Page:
Linda R. Chamberlain

Abstracts

1 Informing, Enabling and Inspiring Social Innovation by Geographic Systems Mapping: A Case Study in Workforce Development

Authors: Cassandra A. Skinner, Linda R. Chamberlain

Abstract:

The nonprofit and public sectors are increasingly turning to Geographic Information Systems for data visualizations which can better inform programmatic and policy decisions. Additionally, the private and nonprofit sectors are turning to systems mapping to better understand the ecosystems within which they operate. This study explores the potential which combining these data visualization methods—a method which is called geographic systems mapping—to create an exhaustive and comprehensive understanding of a social problem’s ecosystem may have in social innovation efforts. Researchers with Grand Valley State University collaborated with Talent 2025 of West Michigan to conduct a mixed-methods research study to paint a comprehensive picture of the workforce development ecosystem in West Michigan. Using semi-structured interviewing, observation, secondary research, and quantitative analysis, data were compiled on workforce development organizations’ locations, programming, metrics for success, partnerships, funding sources, and service language. To best visualize and disseminate the data, a geographic system map was created which identifies programmatic, operational, and geographic gaps in workforce development services of West Michigan. By combining geographic and systems mapping methods, the geographic system map provides insight into the cross-sector relationships, collaboration, and competition which exists among and between workforce development organizations. These insights identify opportunities for and constraints around cross-sectoral social innovation in the West Michigan workforce development ecosystem. This paper will discuss the process utilized to prepare the geographic systems map, explain the results and outcomes, and demonstrate how geographic systems mapping illuminated the needs of the community and opportunities for social innovation. As complicated social problems like unemployment often require cross-sectoral and multi-stakeholder solutions, there is potential for geographic systems mapping to be a tool which informs, enables, and inspires these solutions.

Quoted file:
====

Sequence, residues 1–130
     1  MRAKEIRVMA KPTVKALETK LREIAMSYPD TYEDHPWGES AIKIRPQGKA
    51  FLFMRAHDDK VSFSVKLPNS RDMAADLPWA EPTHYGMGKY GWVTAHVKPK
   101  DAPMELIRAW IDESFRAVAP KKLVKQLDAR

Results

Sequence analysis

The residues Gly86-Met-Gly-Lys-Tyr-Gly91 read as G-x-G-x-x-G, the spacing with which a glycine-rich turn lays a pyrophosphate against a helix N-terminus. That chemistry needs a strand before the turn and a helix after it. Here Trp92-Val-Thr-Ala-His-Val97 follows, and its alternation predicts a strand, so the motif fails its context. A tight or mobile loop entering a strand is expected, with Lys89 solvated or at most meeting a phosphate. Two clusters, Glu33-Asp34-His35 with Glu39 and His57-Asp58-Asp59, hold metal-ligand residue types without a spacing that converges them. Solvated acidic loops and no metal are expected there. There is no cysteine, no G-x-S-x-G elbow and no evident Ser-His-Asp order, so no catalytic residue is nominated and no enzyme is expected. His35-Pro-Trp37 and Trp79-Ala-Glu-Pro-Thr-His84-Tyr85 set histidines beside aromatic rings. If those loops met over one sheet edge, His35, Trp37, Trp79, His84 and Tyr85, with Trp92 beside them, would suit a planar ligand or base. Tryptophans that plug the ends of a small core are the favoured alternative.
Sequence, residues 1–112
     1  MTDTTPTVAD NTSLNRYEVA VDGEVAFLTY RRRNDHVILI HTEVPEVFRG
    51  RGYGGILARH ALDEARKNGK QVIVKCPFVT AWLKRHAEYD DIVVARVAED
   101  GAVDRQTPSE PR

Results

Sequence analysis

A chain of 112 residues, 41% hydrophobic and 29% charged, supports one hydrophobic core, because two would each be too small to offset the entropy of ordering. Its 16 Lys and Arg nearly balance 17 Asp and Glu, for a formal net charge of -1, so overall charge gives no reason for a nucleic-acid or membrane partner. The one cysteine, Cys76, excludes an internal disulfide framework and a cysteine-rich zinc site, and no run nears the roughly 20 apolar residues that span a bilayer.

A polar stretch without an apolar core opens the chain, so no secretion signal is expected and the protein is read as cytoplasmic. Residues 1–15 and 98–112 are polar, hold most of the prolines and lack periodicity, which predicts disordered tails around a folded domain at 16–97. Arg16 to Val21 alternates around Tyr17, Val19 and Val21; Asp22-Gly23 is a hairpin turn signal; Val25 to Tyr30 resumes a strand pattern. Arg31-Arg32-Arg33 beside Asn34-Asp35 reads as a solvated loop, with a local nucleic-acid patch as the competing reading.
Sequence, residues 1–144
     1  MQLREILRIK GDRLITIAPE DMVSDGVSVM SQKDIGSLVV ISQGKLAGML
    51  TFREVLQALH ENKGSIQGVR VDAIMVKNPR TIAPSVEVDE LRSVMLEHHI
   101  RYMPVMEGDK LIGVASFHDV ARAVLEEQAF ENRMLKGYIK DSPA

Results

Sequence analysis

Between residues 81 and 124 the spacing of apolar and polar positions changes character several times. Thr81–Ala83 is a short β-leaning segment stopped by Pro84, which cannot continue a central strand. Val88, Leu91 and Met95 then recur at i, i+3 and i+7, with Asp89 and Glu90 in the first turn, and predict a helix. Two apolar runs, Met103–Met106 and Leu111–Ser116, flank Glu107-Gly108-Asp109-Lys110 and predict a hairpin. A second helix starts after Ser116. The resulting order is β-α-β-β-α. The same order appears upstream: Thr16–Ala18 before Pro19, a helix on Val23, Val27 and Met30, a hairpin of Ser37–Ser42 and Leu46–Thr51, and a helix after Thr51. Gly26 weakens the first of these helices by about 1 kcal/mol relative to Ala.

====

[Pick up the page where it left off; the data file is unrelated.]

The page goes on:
Keywords: Social innovation, Data Visualization, Workforce development, cross-sector collaboration, geographic systems mapping

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